2rd August 2017

Today I spent the whole morning reading Contemporary Chinese Art, book written by Gladstone P. I found it quite difficult to understand due to the use of sophisticated vocabulary. The book delves deep into the evolution of art form in China, which is inextricably linked to China's political changes. Despite of it being quite hard to understand, it is indeed a useful tool for me to gain insight of the Chinese artists working under the political restrictions at that time. 

During the contextual practice session I exchanged ideas with several partners and they gave me many interesting and useful suggestions. Inspired by my peers, I would next look up Jordan Peterson's speech about boundaries, as well as Wang QingLin's political photographic work.

By far I found the experience of developing my own proposal quite challenging, as it requires me to consider every single aspect of my planning, and be consistent from beginning to end. I found it difficult to concisely explain and summarise my ideas, as I am interested in a very broad theme (freedom of speech in China). I am concerned about collecting historical and political evidence of the project due to the sensitivity of the issue. I would definitely select unbiased, credible and reliable sources as my supporting research.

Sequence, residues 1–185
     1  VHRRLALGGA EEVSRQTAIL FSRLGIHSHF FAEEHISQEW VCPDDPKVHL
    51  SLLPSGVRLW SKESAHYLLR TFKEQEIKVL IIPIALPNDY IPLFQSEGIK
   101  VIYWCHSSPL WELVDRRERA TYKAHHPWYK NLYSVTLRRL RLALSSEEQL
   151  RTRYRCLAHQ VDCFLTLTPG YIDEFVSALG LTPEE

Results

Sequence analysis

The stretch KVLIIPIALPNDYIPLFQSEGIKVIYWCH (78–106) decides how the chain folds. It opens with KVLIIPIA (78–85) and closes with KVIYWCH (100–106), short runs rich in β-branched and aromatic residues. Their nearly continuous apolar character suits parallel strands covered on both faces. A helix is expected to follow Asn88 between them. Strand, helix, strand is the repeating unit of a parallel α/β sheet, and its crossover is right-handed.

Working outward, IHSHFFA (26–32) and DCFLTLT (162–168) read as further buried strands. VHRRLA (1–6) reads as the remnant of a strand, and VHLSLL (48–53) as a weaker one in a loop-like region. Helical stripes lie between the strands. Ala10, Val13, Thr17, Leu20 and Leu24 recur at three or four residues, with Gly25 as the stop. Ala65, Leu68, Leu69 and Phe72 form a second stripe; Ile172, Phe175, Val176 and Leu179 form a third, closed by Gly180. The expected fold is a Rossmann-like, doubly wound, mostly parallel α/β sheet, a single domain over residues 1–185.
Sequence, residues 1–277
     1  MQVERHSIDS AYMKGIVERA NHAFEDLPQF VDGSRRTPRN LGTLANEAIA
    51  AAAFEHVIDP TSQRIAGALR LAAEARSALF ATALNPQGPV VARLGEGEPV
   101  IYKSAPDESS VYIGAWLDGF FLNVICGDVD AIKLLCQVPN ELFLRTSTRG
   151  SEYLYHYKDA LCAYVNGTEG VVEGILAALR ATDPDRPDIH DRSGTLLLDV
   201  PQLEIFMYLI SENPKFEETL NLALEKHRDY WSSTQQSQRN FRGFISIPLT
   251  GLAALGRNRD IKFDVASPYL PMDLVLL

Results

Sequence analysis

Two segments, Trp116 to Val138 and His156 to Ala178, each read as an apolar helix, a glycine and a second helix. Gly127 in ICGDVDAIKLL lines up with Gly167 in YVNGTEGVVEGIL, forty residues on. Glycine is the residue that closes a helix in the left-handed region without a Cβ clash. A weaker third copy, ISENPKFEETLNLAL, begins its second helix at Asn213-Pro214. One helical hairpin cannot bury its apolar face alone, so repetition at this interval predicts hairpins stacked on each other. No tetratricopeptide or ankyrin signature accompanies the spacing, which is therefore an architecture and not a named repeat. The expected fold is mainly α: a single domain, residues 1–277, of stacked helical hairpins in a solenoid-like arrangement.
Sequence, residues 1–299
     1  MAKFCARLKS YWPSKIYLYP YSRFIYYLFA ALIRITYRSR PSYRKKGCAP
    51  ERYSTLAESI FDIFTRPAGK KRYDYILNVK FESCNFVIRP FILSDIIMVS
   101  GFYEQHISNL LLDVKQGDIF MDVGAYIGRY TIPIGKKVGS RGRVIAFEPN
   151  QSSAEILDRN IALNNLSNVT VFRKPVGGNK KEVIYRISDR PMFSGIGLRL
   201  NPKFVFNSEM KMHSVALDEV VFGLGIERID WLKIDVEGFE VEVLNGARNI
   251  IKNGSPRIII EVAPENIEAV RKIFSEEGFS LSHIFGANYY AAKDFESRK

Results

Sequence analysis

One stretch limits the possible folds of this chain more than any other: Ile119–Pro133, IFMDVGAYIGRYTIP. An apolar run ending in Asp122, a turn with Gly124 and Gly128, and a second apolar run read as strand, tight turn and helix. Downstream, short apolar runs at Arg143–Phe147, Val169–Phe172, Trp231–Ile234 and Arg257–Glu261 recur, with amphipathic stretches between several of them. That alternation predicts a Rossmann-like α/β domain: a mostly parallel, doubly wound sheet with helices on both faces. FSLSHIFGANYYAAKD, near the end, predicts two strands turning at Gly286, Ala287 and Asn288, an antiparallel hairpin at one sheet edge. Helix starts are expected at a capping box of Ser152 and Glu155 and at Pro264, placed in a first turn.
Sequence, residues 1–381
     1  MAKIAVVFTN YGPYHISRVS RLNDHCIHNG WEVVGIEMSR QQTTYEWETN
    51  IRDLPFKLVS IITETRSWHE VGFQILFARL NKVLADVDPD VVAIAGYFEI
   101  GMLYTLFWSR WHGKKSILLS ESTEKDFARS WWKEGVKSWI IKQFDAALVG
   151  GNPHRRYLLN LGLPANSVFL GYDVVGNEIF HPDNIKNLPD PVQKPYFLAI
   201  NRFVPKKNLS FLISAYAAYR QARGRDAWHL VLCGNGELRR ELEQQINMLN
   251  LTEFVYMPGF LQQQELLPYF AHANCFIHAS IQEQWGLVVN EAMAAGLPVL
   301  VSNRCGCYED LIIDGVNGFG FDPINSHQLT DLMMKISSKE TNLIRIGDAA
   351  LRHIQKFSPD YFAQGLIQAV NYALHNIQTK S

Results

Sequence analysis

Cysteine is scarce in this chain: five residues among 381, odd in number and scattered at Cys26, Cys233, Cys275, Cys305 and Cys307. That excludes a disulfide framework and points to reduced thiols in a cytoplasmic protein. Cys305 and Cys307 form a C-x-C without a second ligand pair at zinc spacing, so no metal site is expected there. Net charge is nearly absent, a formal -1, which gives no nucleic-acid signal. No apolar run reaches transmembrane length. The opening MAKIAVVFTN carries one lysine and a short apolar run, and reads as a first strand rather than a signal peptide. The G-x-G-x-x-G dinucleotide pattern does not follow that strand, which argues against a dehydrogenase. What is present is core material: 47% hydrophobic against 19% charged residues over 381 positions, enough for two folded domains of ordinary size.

My ideas start of quite vague, and after I saw the exhibition of Santiago Sierra's work, I was really impressed by his use of military razor wire to create virtual boundaries, as a metaphor for the immigrant crisis. Therefore I decided to use barbed wire to embody China's barrier against freedom of access & of speech. 

 

Fei Xu has not chosen a license for this content.

Comments

    Add comment